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Cyrano de Bergerac
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READ STUDY GUIDE: Act II, scenes vii–xi

 

Act II, Scene vii

Cyrano, Ragueneau, poets, Carbon de Castel-Jaloux, the cadets, a crowd, then
De Guiche.
RAGUENEAU:
Can we come in?
CYRANO (without stirring):
Yes. . .
(Ragueneau signs to his friends, and they come in. At the same time, by door
at back, enters Carbon de Castel-Jaloux, in Captain's uniform. He makes
gestures of surprise on seeing Cyrano.)
CARBON:
Here he is!
CYRANO (raising his head):
Captain!. . .
CARBON (delightedly):
Our hero! We heard all! Thirty or more
Of my cadets are there!. . .
CYRANO (shrinking back):
But. . .
CARBON (trying to draw him away):
Come with me!
They will not rest until they see you!
CYRANO:
No!
CARBON:
They're drinking opposite, at The Bear's Head.
CYRANO:
I. . .
CARBON (going to the door and calling across the street in a voice of
thunder):
He won't come! The hero's in the sulks!
A VOICE (outside):
Ah! Sandious!
(Tumult outside. Noise of boots and swords is heard approaching.)
CARBON (rubbing his hands):
They are running 'cross the street!
CADETS (entering):
Mille dious! Capdedious! Pocapdedious!
RAGUENEAU (drawing back startled):
Gentlemen, are you all from Gascony?
THE CADETS:
All!
A CADET (to Cyrano):
Bravo!
CYRANO:
Baron!
ANOTHER (shaking his hands):
Vivat!
CYRANO:
Baron!
THIRD CADET:
Come!
I must embrace you!
CYRANO:
Baron!
SEVERAL GASCONS:
We'll embrace
Him, all in turn!
CYRANO (not knowing whom to reply to):
Baron!. . .Baron!. . .I beg. . .
RAGUENEAU:
Are you all Barons, Sirs?
THE CADETS:
Ay, every one!
RAGUENEAU:
Is it true?. . .
FIRST CADET:
Ay—why, you could build a tower
With nothing but our coronets, my friend!
LE BRET (entering, and running up to Cyrano):
They're looking for you! Here's a crazy mob
Led by the men who followed you last night. . .
CYRANO (alarmed):
What! Have you told them where to find me?
LE BRET (rubbing his hands):
Yes!
A BURGHER (entering, followed by a group of men):
Sir, all the Marais is a-coming here!
(Outside the street has filled with people. Chaises a porteurs and carriages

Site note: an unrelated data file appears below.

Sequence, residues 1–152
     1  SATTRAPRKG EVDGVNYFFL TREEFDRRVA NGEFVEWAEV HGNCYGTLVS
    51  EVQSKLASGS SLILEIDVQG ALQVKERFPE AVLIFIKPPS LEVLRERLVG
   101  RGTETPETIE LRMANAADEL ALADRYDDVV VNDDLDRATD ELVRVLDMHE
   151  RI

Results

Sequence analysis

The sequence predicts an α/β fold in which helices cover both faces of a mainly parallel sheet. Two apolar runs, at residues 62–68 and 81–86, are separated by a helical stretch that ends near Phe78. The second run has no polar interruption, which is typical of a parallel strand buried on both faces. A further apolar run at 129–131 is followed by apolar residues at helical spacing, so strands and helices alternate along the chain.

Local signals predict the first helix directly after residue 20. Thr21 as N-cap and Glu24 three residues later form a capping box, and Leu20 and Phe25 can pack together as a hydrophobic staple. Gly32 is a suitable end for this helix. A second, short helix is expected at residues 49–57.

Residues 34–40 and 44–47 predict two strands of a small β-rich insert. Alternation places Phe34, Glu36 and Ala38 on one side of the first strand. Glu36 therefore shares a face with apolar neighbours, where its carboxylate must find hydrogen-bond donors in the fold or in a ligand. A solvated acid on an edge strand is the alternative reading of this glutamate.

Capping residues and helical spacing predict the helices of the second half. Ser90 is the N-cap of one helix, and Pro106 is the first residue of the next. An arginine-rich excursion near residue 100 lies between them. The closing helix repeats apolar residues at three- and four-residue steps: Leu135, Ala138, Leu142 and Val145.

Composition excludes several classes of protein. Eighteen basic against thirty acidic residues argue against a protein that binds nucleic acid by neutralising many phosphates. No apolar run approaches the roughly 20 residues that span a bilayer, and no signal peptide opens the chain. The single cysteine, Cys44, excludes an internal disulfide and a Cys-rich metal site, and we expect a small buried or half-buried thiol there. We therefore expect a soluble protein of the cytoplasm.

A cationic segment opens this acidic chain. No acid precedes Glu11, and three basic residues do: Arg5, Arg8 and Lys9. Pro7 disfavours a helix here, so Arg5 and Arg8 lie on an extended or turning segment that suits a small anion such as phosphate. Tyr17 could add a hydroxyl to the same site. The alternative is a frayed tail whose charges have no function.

have drawn up.)
LE BRET (in a low voice, smiling, to Cyrano):
And Roxane?
CYRANO (quickly):
Hush!
THE CROWD (calling outside):
Cyrano!. . .
(A crowd rush into the shop, pushing one another. Acclamations.)
RAGUENEAU (standing on a table):
Lo! my shop
Invaded! They break all! Magnificent!
PEOPLE (crowding round Cyrano):
My friend!. . .my friend. . .
Cyrano:
Meseems that yesterday
I had not all these friends!
LE BRET (delighted):
Success!
A YOUNG MARQUIS (hurrying up with his hands held out):
My friend,
Didst thou but know. . .
CYRANO:
Thou!. . .Marry!. . .thou!. . .Pray when
Did we herd swine together, you and I!
ANOTHER:
I would present you, Sir, to some fair dames
Who in my carriage yonder. . .
CYRANO (coldly):
Ah! and who
Will first present you, Sir, to me?
LE BRET (astonished):
What's wrong?
CYRANO:
Hush!
A MAN OF LETTERS (with writing-board):
A few details?. . .
CYRANO:
No.
LE BRET (nudging his elbow):
'Tis Theophrast,
Renaudet,. . .of the 'Court Gazette'!
CYRANO:
Who cares?
LE BRET:
This paper—but it is of great importance!. . .
They say it will be an immense success!
A POET (advancing):
Sir. . .
CYRANO:
What, another!
THE POET:
. . .Pray permit I make
A pentacrostic on your name. . .
SOME ONE (also advancing):
Pray, Sir. . .
CYRANO:
Enough! Enough!
(A movement in the crowd. De Guiche appears, escorted by officers. Cuigy,
Brissaille, the officers who went with Cyrano the night before. Cuigy comes
rapidly up to Cyrano.)
CUIGY (to Cyrano):
Here is Monsieur de Guiche?
(A murmur—every one makes way):
He comes from the Marshal of Gassion!
DE GUICHE (bowing to Cyrano):
. . .Who would express his admiration, Sir,
For your new exploit noised so loud abroad.
THE CROWD:
Bravo!
CYRANO (bowing):
The Marshal is a judge of valor.
DE GUICHE:
He could not have believed the thing, unless
These gentlemen had sworn they witnessed it.
CUIGY:
With our own eyes!
LE BRET (aside to Cyrano, who has an absent air):
But. . .you. . .
CYRANO:
Hush!
LE BRET:
But. . .You suffer?
CYRANO (starting):
Before this rabble?—I?. . .
(He draws himself up, twirls his mustache, and throws back his shoulders):
Wait!. . .You shall see!
DE GUICHE (to whom Cuigy has spoken in a low voice):